80% of city residents across the globe breathe polluted air, WHO says
“Urban air pollution continues to rise at an alarming rate, wreaking havoc on human health,” says Dr Maria Neira, director of the WHO Department of Public Health.
The organization compared a total of 795 cities in 67 countries for levels of pollution between 2008 and 2013. The WHO said it considered such pollutants as sulfate, nitrates and black carbon, “which penetrate deep into the lungs and into the cardiovascular system, posing the greatest risks to human health.”
According to the WHO data, “98 percent of cities in low- and middle income countries with more than 100,000 inhabitants do not meet WHO air quality guidelines.” In high-income cities, the total is 56 percent.
The study ranked cities in India, Iran and Saudi Arabia as the most polluted in the world. People who live in such polluted cities have a high risk of stroke, heart disease, lung cancer, and chronic and acute respiratory diseases, including asthma, the organization said.
“Air pollution is a major cause of disease and death,” says Dr Flavia Bustreo, WHO assistant director-general for Family, Women and Children’s Health. “When dirty air blankets our cities the most vulnerable urban populations—the youngest, oldest and poorest—are the most impacted.”
The WHO data says that the highest urban air pollution levels were seen “in low-and middle-income countries in Eastern Mediterranean and South-East Asia Regions,” as their annual mean levels often exceeded WHO limits by five-10 times.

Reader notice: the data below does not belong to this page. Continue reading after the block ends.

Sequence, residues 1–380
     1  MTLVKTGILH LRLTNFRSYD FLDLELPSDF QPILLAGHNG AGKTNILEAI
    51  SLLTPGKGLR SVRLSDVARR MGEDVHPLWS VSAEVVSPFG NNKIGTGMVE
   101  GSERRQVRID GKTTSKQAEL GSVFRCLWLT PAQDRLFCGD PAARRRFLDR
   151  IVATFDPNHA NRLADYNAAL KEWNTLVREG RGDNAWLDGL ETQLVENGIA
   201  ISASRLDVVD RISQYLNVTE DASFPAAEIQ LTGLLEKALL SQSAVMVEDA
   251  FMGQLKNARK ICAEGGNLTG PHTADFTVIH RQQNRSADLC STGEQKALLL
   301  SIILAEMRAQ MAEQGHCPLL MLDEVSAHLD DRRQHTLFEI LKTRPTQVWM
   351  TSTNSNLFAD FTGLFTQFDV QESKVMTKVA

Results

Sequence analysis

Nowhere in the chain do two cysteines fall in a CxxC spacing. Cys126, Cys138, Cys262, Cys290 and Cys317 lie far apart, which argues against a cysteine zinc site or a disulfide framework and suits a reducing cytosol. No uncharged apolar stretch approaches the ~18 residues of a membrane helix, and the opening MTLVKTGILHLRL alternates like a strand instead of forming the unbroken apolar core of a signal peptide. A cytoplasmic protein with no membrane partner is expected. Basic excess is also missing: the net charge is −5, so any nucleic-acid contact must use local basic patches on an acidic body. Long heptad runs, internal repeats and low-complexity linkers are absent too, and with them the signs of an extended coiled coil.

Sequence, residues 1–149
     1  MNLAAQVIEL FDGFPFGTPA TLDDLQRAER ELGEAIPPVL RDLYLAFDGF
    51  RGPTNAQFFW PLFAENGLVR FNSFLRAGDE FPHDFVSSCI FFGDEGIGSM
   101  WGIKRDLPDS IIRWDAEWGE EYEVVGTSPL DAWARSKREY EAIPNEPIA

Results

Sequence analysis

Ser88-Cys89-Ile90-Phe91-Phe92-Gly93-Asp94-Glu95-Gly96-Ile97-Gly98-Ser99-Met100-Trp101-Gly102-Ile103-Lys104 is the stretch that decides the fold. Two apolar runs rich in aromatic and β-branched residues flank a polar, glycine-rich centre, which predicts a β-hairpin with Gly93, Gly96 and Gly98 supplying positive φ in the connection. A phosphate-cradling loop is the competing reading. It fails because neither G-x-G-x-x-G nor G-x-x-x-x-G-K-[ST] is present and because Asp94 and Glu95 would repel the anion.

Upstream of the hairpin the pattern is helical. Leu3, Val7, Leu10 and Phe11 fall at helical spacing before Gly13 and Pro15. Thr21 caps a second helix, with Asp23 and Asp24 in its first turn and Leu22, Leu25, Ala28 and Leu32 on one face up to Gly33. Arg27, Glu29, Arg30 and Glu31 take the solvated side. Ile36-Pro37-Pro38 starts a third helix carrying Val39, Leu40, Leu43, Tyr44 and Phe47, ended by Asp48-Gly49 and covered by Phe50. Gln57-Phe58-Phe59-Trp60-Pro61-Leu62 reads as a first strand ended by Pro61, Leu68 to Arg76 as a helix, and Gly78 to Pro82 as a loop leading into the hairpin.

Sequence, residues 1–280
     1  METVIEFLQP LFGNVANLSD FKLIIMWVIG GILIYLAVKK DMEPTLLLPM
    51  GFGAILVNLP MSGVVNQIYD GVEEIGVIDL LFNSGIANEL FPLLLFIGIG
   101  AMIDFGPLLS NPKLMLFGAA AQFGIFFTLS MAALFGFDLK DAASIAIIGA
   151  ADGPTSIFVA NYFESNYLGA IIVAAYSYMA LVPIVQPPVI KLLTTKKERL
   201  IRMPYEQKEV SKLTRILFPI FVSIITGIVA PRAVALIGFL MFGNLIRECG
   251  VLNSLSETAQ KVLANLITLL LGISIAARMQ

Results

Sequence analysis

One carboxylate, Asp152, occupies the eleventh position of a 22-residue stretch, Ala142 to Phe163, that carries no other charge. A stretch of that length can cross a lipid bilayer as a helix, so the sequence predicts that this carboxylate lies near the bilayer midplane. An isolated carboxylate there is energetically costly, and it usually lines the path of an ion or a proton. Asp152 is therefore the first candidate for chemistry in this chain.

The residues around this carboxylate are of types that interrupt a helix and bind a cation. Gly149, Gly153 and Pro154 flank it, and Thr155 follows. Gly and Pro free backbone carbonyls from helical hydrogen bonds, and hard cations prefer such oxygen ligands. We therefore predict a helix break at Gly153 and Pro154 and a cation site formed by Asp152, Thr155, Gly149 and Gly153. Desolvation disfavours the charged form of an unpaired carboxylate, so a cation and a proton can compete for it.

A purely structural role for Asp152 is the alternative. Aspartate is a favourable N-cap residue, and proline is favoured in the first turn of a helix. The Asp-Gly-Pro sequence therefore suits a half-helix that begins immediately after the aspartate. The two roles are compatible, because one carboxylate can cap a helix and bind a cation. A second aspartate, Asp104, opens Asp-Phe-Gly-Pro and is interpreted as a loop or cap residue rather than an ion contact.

The dirtiest air was recorded in the city of Zabol in Iran, WHO data showed, as seen by Reuters and AFP. India had four cities on the list: Gwalior, Allahabad, Patna and Raipur. Riyadh and Al Jubail in Saudi Arabia were also among top 10 most polluted cities in the world, according to the organization.
India's capital New Delhi, however, was ranked the 11th worst city. In 2014 it was considered the worst-polluted city, but since then authorities have been trying to tackle the high level of pollution.
Overall, global urban air pollution levels have increased by 8 percent, “despite improvements in some regions,” the group said. “Most sources of urban outdoor air pollution are well beyond the control of individuals and demand action by cities, as well as national and international policymakers to promote cleaner transport, more efficient energy production and waste management.”